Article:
Looking Back at 25: The history of Heart Month

For over a decade, February has been recognised as Heart Month – a global awareness initiative, highlighting the prevalence and impact of heart conditions on people of all ages.

Originally created in the U.S. back in 2009, the campaign took a couple of years to become fully established in the UK – however, CRY was amongst the first of a few charities to take up the mantle, and most importantly, take ‘ownership’ of the campaign on behalf of young people and their families who have been affected by the tragedy of young sudden cardiac death.

As the campaign kicked off in America, CRY chose to focus its efforts around Valentine’s Day 2009. Speaking at the time, CRY Founder Alison Cox MBE said: “Valentine’s Day is traditionally a time for being with your ‘loved one’ – but for the thousands of families who have been affected by sudden cardiac death, it all too often becomes a time for remembering a loved one and thinking about the time and the future that has been cruelly taken away from you… we must also use this time [and campaign] to look to the future and our vision of promoting awareness among health professionals parents and the public and increasing access to screening across the UK.”

A communications plan was developed in partnership with CRY’s Consultant Cardiologist, Professor Sanjay Sharma, to highlight the thought-provoking issue of “Life Years Lost…”.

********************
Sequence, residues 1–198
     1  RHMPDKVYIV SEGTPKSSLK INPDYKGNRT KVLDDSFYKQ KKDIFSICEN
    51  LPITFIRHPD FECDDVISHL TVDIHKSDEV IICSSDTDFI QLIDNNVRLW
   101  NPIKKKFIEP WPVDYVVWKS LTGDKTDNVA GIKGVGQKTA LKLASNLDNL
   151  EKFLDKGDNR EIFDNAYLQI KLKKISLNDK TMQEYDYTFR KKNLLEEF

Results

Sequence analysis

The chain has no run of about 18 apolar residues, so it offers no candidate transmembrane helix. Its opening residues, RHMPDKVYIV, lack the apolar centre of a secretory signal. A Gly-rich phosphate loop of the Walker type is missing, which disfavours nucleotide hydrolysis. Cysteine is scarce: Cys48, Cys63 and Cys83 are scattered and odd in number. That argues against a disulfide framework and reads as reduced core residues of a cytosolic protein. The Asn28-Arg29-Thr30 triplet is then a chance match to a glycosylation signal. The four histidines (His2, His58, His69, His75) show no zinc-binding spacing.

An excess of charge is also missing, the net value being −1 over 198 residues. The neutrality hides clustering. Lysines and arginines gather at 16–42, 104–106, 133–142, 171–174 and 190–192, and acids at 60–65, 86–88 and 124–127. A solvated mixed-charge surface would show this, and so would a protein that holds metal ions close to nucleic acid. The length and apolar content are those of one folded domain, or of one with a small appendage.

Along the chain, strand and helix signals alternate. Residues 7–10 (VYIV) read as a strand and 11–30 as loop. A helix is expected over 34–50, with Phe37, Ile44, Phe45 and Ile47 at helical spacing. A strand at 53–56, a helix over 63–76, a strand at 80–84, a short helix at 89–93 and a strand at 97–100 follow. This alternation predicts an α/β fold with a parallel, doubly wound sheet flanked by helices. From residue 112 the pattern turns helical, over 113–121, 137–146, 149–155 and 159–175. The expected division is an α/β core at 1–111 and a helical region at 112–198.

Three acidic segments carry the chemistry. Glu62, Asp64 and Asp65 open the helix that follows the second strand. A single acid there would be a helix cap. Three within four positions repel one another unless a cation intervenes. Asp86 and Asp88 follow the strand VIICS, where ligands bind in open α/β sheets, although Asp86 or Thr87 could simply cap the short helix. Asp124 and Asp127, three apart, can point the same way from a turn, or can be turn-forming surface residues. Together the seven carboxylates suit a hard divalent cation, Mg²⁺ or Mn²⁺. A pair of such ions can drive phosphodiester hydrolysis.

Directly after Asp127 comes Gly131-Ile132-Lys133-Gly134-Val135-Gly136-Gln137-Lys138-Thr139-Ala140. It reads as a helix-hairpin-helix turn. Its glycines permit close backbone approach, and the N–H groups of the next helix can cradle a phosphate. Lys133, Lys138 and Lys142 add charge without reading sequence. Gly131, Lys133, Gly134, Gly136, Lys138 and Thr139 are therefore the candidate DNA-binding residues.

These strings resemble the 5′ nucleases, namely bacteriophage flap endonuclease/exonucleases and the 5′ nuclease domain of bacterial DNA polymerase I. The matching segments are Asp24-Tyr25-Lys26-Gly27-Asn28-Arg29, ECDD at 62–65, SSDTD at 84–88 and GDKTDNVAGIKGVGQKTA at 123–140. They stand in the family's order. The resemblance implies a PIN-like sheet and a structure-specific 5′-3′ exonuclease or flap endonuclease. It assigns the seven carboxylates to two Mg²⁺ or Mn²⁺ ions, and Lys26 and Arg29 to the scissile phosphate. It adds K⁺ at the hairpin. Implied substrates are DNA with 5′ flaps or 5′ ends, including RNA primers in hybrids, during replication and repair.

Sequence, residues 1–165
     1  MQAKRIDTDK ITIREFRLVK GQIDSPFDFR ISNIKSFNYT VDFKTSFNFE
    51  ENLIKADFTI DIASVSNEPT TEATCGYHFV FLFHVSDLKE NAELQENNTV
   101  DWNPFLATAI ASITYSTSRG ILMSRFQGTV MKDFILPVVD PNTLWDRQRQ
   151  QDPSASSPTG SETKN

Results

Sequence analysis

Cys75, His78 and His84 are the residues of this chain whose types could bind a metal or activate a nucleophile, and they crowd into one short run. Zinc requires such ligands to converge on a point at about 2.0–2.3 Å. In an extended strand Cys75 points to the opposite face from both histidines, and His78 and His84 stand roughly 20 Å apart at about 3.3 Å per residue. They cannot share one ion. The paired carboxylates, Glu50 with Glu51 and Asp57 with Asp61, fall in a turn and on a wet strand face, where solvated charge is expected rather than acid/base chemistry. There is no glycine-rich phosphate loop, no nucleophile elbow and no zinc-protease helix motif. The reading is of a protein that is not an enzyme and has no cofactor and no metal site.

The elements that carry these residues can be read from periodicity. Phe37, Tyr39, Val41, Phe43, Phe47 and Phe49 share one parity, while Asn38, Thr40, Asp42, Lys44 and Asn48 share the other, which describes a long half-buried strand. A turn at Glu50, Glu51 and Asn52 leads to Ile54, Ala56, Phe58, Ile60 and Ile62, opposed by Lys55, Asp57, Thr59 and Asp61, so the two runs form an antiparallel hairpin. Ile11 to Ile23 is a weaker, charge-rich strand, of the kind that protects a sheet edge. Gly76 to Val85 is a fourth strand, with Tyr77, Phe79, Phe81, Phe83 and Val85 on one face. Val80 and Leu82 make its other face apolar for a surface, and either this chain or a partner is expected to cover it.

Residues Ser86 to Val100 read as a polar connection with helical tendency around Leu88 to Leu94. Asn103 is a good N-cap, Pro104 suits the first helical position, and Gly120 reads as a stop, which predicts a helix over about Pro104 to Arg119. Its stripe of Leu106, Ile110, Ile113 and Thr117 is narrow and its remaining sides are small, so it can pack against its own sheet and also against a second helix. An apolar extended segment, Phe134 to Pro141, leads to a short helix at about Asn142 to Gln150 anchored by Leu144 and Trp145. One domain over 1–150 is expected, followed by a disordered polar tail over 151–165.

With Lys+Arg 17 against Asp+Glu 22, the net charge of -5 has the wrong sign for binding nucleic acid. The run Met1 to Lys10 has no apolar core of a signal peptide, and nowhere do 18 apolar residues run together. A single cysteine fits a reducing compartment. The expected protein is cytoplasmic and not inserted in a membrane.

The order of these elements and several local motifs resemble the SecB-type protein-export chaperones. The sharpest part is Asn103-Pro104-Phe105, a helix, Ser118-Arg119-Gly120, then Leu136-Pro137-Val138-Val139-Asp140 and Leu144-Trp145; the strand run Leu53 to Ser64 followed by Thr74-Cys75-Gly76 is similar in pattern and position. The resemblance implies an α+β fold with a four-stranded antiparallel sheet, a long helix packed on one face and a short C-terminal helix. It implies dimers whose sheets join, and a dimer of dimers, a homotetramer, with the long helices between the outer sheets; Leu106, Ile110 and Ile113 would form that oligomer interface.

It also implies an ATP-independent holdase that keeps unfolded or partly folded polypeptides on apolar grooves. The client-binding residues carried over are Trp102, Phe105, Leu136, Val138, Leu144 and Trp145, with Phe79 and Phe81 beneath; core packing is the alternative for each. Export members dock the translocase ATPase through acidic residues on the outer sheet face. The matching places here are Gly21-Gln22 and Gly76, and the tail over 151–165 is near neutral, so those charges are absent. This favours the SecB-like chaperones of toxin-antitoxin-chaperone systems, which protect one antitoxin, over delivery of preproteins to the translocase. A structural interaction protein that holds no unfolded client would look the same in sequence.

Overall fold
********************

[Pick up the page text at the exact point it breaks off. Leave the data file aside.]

This theme was very much something Prof Sharma strongly believed in. He felt it was vital that the medical community, MPs, young people and the general public were fully aware of the scale of the conditions that were “striking apparently fit and healthy people without warning.” However, far from being a one-off media and awareness campaign, the concept of life years lost (which is now based on and amplified by a further 10 years of research and knowledge) is something that Professor Sharma will often refer back to at international conferences, interviews with journalists, social media posts and, of course, at CRY’s annual Parliamentary Reception.

As the campaign was unveiled, Prof Sharma said: “We currently estimate around 600 young people die suddenly every year in the UK from sudden cardiac death – and that figure could just be the tip of the iceberg. Many of these young people are in their teens and early-twenties – at the prime of their lives. Looking at predicted life-expectancies for the 21st century, we can assume that the majority of these young victims are being robbed of 50 to 60 years of their lives. Poignantly, their families are being robbed of their futures and watching them ‘grow up and grow old.’